The Stilwell Road aka the Ledo Road was built during World War II by an army of 15,000 American soldiers and 35,000 locals under the expert supervision of General Vinegar Joe Stilwell.
The road stretches from Ledo in Assam across 1079 miles to Kunming in China. The construction of this mammoth project was estimated to be around USD 150 million and the road was used by the Western Allies to supply to the Chinese when the Japanese Army had cut the Burma road. By occupying Burma, the Japanese had not only gained access to the vast resources of teak and rubber, but they had closed the Burma Road, 700 miles of dirt highway that represented China’s last overland link with the outside world. The reopening of an overland route to China would be the major American goal, indeed obsession, in the theater throughout the campaign especially after the defeat at Pearl Harbor that enabled the Imperial Japanese Army to extend their empire from Wake Island in the Pacific to Malaya and Singapore in South East Asia.
Here, the Allies would face one of the most inhospitable areas for military operations in the world. For the Americans, the theater not only covered a vast area, but it was also the end of a 12,000 mile supply line. The areas where the Allies would campaign was characterized by extremely rugged terrain with few roads and other communications, conditions which would favor the defense and reduce the Allies’ advantage in numbers. Northern and central Burma, where they would conduct the bulk of their operations, had steep, densely wooded mountain ranges cut by streams. The Allies would need to scale precipitous ranges along the border to reach one of Burma’s three great river valleys – the Chidwin, the Irrawaddy, or the Salween – in order to move south into the heart of Burma. They could also expect their advance to be slowed by monsoon, near-constant rains which would last for two to three months, anytime after April. Leeches, flies, ticks, and other insects, along with diseases as malaria, dysentery, and typhus, added to the soldier’s miseries. Keeping in mind all these the Americans resolved to go ahead with the task of constructing this mammoth project and the construction started in December 1942 across the dense terrain of the Patkai range through the Pangsau Pass aka “the Hell Pass (for the difficulty of the terrain)” into Shingbwiyang in Burma. The terrain was outrageous as it rose high upto 4,500 feet (1400m) along with steep gradients, hairpin curves and drops upto 200 feet (60 m).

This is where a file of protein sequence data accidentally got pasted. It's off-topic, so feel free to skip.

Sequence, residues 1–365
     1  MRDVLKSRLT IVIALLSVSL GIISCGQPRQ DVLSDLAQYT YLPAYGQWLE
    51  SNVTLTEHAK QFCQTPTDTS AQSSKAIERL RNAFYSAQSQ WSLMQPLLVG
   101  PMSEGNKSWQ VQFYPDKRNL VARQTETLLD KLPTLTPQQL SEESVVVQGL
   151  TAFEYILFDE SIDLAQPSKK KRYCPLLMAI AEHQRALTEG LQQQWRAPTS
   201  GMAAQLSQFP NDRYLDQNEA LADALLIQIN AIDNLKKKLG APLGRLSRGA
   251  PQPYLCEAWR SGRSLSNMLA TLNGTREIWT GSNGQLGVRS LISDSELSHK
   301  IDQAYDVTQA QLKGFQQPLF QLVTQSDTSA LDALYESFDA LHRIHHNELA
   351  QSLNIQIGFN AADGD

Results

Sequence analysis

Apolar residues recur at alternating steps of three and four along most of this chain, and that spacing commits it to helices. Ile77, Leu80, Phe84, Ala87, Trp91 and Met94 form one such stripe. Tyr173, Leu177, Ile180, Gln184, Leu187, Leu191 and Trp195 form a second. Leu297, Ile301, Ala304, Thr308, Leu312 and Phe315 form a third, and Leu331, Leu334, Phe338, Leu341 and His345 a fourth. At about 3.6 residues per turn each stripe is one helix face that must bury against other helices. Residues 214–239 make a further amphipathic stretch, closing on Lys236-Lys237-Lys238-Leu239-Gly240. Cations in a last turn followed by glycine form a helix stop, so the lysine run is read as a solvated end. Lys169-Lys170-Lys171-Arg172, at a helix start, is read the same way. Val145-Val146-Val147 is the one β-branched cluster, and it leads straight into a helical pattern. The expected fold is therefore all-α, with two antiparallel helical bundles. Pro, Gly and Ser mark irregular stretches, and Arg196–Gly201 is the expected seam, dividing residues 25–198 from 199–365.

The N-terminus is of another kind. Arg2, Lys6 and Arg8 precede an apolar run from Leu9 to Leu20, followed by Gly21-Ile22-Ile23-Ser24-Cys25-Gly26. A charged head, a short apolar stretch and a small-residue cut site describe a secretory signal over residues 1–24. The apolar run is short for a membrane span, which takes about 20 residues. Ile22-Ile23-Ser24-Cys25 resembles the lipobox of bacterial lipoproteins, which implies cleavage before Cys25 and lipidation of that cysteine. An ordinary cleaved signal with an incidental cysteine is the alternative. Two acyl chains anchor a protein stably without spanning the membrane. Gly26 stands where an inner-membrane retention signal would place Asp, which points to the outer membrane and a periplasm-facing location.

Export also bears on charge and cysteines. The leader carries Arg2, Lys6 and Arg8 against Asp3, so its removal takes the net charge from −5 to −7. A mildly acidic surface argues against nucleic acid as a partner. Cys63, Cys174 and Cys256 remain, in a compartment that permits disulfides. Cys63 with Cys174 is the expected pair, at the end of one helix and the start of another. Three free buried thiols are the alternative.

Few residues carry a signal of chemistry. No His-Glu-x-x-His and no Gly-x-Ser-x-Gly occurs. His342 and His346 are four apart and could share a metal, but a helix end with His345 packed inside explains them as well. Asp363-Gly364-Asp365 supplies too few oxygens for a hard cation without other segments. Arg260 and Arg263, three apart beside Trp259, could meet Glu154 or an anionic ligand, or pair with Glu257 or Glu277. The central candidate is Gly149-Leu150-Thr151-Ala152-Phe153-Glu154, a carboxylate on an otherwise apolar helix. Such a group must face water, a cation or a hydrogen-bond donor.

Although the British Engineers had initially surveyed the route for a road (first 80 miles) the credit of building the Stilwell Road (Ledo Road) goes to General Stilwell which was under the American NAC operation. This road was to complement the airlift operations to China over the Eastern end of the Himalayan Mountains aka “the Hump”. American Engineers in late 1942 began to construct a road meant to restore China’s land communication with the outside world. It was the Americans, more than any of the other Allies, who wanted to open the road to China, and they pushed the enterprise the hardest. Taking over the project from the British in October 1942, they began construction from Ledo in December with the goal of arriving at the Burmese city of Shingbwiyang, 103 miles from Ledo by June, 1943.
General Stilwell and his army of men completed the stretch of 1079 miles (1736 km) within 2 years under the most treacherous conditions and this is what makes this road “an Epitome of an American Engineering Marvel”. And this was done more than 70 years ago ago when the world didn’t have the expertise of today’s technology.
Although, there was a flip side to this feat as more than 1100 American soldiers and many more locals had to lose their lives in the construction of the Western Allies march to crush the Japanese.
Jungleideas welcomes you to India’s North East to relive the memories of the Second World War at the Stilwell Road – Ledo (India) to Kunming (China) – the Epitome of an American Engineering Marvel, the States of Assam and Arunachal Pradesh, Incredible India!